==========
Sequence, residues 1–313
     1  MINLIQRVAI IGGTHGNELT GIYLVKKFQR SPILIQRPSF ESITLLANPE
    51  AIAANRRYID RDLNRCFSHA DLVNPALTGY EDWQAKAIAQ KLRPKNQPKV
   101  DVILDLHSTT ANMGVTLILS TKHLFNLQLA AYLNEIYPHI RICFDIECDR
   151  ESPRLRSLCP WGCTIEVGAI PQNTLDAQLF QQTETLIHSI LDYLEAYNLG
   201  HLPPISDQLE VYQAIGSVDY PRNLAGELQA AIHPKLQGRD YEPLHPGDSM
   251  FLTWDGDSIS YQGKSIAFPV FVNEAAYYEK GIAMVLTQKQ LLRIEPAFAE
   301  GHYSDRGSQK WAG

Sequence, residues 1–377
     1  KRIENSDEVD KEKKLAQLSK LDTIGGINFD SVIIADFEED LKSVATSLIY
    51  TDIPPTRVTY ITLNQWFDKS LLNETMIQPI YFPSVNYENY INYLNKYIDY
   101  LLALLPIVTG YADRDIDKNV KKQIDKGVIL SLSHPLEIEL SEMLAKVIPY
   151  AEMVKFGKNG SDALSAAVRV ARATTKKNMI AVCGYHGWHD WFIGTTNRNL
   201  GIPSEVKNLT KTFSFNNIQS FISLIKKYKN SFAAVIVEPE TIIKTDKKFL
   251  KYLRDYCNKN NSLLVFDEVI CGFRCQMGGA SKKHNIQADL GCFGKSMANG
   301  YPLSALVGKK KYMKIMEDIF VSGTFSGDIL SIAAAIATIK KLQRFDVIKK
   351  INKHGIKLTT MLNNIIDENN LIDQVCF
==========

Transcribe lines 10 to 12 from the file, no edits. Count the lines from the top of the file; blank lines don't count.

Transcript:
     1  KRIENSDEVD KEKKLAQLSK LDTIGGINFD SVIIADFEED LKSVATSLIY
    51  TDIPPTRVTY ITLNQWFDKS LLNETMIQPI YFPSVNYENY INYLNKYIDY
   101  LLALLPIVTG YADRDIDKNV KKQIDKGVIL SLSHPLEIEL SEMLAKVIPY